I assumed from the date that he was possibly in the Spanish American War so my first visit was to the online Illinois Archives database of Spanish-American War veterans . Well, I'll be gosh darned, there he is.  My great grandfather was a veteran of the Spanish-American War, so next I needed to check his files to see what unit he was in. . . Amazing, it was the same unit.  The coincidences are now mounting, but I still needed to sort out the relationships.  After all, what is the chance that a soldier with the same name as my gr-gr-grandmother, and in the same unit as her son, my great grandfather would be buried  next to her? He is buried with his father William (d. 12 Dec 1908 and his mother, Catherine (d. 13 Jan 1919) who survived him.

His death certificate was available on the Family Search website so from this I found out that he died at age thirty-one of tuberculosis.  He was never married , and he was in a hospital in Arizona when he died. I wonder why he was in Arizona?  His mother gave the information for the death certificate and so I learn that her maiden name was Morris.  Will this help me prove or disprove his relationship to my ancestors?  He was a very young man, younger than my grandfather,  to be made a sergeant. What skills or accomplishments did he have to recommend him for this elevated rank? Oh wait. . . I forgot this was Chicago. He might have had "connections".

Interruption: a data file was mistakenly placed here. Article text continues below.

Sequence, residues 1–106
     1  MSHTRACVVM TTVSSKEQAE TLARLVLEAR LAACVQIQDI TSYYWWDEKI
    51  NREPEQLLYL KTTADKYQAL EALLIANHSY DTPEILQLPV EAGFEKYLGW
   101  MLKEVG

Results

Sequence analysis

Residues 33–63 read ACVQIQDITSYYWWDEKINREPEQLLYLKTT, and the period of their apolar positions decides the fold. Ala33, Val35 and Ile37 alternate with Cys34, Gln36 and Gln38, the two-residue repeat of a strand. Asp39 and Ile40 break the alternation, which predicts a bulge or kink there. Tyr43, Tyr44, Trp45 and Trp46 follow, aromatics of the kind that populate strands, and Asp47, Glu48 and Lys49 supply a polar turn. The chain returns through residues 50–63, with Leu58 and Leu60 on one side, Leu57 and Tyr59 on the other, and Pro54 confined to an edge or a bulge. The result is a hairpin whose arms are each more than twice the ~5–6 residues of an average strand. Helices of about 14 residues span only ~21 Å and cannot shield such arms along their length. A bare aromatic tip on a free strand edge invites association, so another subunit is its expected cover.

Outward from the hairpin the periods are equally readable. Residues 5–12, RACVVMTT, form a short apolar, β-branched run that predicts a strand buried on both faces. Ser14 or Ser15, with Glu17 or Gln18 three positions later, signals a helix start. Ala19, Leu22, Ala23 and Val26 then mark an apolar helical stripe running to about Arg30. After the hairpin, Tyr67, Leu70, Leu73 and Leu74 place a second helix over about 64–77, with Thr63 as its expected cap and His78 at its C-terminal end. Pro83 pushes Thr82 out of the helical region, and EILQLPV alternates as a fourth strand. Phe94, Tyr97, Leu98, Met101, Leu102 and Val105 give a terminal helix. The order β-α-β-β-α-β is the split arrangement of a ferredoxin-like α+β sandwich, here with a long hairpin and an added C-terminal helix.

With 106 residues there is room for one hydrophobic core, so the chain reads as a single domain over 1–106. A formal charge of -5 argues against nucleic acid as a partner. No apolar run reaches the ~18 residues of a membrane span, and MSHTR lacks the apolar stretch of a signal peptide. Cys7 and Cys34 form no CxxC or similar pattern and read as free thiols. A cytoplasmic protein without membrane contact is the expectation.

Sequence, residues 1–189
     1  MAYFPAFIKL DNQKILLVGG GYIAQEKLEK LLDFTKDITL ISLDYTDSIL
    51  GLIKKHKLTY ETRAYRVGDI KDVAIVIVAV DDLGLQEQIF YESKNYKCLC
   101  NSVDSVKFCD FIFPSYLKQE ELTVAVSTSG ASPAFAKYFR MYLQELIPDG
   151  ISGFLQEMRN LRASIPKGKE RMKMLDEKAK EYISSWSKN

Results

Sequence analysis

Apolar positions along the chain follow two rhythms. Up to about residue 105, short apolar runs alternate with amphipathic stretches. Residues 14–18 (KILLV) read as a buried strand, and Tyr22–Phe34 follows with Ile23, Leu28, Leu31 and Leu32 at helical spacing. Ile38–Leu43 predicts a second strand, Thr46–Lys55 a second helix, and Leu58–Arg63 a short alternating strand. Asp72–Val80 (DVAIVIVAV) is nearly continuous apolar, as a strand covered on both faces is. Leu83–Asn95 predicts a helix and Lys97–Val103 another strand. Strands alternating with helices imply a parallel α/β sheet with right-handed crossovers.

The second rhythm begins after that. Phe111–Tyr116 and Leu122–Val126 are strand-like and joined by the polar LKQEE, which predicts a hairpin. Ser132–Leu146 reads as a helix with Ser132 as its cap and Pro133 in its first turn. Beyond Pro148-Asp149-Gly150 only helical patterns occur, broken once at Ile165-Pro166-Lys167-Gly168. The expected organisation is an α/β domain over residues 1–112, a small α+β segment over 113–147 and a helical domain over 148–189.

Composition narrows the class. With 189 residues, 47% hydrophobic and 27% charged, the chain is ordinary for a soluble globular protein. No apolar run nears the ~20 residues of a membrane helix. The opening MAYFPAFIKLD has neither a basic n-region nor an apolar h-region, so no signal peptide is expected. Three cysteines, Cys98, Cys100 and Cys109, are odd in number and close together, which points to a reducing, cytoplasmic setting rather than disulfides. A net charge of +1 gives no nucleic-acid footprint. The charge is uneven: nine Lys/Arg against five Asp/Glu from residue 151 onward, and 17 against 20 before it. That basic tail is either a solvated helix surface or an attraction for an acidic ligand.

Later when I was searching for information about my great grandfather, Edward P. Kennelly's war service, I found the Adjutant General's muster out rolls for Illinois volunteers 1898 &; 1899 on another of my favorite resources - Google Books.  Naturally, I looked up John W. O'Connor also.  According to the muster out rolls he was mustered in as a sergeant in April 1898 and reduced to a private June 1 per paragraph no. 1, per S.O. (standing order?) no.10." then July 1 appointed sergeant from private per SO no. 21 and then sick to quarters by July 31. Something tells me there is a story between standing order numbers 10 and 21. On Aug. 1 he was transferred to a hospital where he was on sick leave.  When he mustered out, he was overpaid by .90 and the record shows that he still owed the government seventy-three cents.  But. . . did he contract tuberculosis during his military service? 

So next  time you find yourself wandering around the tombstones, look for familiar names and click a few extra photos for later research.  Thank goodness for digital photographs because I take a lot of photos.

This could still be a coincidence.  John's last name, the location of his grave next to my gr-gr grandmother's, and his military service in the same unit as my grandfather might be stacked together by the fates to mislead me.  But for the present, I think of him as family.